It should first be understood that getting to an “Omnichannel Champion” requires more than SCM organizational redesigns. Planning, merchandising, marketing, store operations, and information technology are all impacted. Organizational designs follow strategy, and without an effective SCM organization, the other needs will not be met, certainly not in the near-term, which is necessary today.

Starting with the Mega Process Model is necessary, but not sufficient. The Mega Process Model remains the same, but the variations and dynamics change significantly.

These changes create new challenges for all companies, retailers, wholesalers, consumer products, distributors, and even those that are B2B companies. The organizational model affects cost, time, and quality in many ways. Organizational redesigns to date, however, have largely been centered on alternatives such as:

  1. Positioning the business in a separate department, group, or unit

  2. Creating a team to work across the operations

  3. Creating separate eCommerce organizations for each channel

  4. Establishing an eCommerce planning position for inventory purposes

  5. Assigning the eCommerce leader to marketing or merchandising

  6. Challenging operations leaders to factor in online ordering

  7. Challenging supply chain leaders to integrate online ordering and e- fulfillment with their current functions

  8. Challenging planners to forecast online sales for S&OP or other reasons

None of these alternatives have solved the problem. At best, they have helped with obtaining “Multichannel Operations”. While some may have solved the “single view of all inventories”, “pick and ship from stores”, or even improvements in stocking policies, none of the organizational models have caused, created, or solved new omnichannel strategies, new business processes, or new talent gaps; nor have they enabled speed, cost, and quality to reach acceptable levels. Moreover, none have influenced effectively new omnichannel strategies, new operations capabilities, or minimizing channel conflicts.

Thus, all the initiatives that create “Omnichannel Champions” are left to incremental experimentation, over-analysis, unmet gaps, or negative financial impacts and stakeholder value degradation. Even those few companies that have taken on SCM centralization, for example, have either changed their plans or become stuck in what to centralize vs. decentralize. Consequently, we see way too many companies in states of confusion about what to do organizationally for omnichannel, for SCM itself, or for needs in new processes, new systems, or new performance metrics.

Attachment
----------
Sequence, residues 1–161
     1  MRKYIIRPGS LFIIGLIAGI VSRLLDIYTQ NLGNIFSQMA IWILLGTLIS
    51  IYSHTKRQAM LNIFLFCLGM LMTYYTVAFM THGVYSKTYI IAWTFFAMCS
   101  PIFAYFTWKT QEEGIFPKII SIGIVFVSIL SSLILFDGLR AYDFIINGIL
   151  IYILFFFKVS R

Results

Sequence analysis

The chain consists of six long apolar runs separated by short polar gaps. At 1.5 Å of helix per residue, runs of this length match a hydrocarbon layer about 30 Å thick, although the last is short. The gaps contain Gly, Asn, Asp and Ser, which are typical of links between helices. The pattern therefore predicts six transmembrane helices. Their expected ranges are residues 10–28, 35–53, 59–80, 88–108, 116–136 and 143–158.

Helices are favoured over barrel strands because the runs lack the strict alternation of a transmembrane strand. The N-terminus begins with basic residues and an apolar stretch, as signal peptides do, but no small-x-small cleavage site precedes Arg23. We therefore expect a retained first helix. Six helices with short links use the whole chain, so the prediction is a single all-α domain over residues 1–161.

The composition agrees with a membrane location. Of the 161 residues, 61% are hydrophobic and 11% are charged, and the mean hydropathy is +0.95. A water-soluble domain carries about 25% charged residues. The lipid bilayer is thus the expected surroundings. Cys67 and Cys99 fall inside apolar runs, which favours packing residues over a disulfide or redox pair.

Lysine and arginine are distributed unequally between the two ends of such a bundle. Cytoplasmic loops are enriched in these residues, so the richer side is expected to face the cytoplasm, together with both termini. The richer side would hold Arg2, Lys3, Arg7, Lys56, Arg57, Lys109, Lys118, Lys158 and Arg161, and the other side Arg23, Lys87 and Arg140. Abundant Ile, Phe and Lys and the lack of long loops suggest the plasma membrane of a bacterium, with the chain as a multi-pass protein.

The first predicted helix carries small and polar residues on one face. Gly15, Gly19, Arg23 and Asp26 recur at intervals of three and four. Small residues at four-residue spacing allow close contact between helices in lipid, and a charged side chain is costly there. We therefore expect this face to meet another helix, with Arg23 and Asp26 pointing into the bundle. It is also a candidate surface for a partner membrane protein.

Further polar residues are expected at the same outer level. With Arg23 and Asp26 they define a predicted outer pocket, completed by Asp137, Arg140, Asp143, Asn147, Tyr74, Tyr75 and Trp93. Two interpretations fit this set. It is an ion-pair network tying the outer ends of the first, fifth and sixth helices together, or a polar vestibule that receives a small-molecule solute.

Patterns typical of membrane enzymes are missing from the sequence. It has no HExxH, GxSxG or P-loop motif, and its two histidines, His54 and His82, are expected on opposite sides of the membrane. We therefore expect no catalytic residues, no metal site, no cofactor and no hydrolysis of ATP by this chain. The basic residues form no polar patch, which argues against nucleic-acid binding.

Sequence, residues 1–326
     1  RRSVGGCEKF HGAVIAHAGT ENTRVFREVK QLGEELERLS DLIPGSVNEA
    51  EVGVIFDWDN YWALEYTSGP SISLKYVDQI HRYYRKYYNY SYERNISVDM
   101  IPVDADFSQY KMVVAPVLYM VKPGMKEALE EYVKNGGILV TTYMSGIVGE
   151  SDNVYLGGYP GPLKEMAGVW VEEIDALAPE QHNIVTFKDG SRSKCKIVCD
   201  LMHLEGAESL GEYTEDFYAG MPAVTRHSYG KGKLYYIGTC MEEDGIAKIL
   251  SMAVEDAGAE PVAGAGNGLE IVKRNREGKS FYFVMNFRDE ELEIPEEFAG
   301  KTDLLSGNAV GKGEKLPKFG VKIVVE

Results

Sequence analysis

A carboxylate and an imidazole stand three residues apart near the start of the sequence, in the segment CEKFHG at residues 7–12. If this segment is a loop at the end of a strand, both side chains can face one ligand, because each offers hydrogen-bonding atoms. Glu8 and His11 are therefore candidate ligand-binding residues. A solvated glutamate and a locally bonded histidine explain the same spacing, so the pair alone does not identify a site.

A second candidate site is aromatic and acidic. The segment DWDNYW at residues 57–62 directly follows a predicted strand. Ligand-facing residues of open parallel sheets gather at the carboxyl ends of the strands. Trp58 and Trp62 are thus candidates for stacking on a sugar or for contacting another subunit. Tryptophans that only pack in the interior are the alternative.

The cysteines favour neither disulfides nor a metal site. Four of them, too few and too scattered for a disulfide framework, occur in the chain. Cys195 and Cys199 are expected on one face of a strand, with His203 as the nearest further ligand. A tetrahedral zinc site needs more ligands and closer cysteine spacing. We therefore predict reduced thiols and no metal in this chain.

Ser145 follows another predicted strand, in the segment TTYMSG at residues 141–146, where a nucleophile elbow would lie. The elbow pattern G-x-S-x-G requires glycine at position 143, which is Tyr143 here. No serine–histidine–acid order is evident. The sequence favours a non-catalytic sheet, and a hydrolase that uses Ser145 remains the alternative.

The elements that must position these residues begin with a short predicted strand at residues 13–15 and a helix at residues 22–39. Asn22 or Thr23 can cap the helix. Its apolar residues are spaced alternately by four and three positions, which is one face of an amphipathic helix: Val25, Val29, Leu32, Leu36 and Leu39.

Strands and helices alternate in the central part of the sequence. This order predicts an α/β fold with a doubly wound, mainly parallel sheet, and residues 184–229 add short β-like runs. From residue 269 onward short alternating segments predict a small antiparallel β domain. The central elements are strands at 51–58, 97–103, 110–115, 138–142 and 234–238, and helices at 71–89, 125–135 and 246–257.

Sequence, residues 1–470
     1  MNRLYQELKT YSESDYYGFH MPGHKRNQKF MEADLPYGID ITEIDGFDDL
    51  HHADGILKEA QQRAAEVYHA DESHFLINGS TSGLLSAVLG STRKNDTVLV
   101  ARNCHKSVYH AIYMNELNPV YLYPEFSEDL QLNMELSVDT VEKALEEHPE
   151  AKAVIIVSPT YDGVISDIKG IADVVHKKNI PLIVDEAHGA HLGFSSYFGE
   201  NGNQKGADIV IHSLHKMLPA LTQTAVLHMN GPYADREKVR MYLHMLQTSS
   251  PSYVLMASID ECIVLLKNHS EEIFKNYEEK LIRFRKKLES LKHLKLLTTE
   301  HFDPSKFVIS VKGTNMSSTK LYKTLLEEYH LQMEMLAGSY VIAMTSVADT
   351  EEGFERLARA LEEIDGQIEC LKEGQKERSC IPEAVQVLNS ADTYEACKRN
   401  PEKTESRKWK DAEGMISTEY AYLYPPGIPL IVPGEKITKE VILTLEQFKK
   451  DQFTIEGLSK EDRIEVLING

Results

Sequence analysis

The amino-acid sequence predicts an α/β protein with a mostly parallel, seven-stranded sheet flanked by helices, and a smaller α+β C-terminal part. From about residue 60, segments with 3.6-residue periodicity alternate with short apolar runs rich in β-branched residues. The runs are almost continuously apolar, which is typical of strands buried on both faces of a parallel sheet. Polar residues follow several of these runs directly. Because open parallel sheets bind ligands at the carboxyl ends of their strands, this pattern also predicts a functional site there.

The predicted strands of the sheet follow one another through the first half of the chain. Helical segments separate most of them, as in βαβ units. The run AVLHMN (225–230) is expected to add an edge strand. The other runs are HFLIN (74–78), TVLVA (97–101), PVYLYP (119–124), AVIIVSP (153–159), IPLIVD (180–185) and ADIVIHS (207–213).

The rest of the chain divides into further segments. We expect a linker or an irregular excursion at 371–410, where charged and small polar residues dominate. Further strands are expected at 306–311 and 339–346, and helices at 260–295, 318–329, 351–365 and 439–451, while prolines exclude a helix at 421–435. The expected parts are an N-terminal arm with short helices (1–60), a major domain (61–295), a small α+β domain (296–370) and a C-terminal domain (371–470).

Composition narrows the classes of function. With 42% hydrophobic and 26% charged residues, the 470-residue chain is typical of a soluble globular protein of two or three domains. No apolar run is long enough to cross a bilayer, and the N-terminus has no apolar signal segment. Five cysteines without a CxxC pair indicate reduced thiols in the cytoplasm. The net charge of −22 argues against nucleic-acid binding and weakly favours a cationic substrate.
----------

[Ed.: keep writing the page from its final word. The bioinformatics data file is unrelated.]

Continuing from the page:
While most all companies are thinking about omnichannel, and are in various stages of “trial and error” with their organizational changes to best facilitate it, the challenges and complexities are proving to be significant barriers to getting to the right solutions.

Because SCM is so critical for achieving the four views attributes, we consider this organizational requirement essential above all the others.


There are no perfect supply chain organizations, especially for omnichannels. There are, however, proven guidelines and principles that should be followed for supply chain redesigns. The seven guidelines detailed below, if applied effectively, will result in a preferred model for a company.

The guidelines are the content for a redesign process that has a company’s eCommerce business strategies at its core. The operational capabilities to enable these strategies, its culture, and its change readiness, are keys. This is, in fact, the first and primary principle of organizational redesign that the model must be adapted to align with the strategies and the company culture.

This is not to suggest that the redesigned model cannot be innovative. It can, provided it is adapted to align with strategies and the culture. A supply chain organization that is “outside the box” will be too difficult to fulfill its primary mission, which is to create value for the enterprise as a whole. Thus the initial principle, or guideline, is fundamental to redesigns. Without this common understanding among senior management, following the other guidelines for the redesign will not be adequate.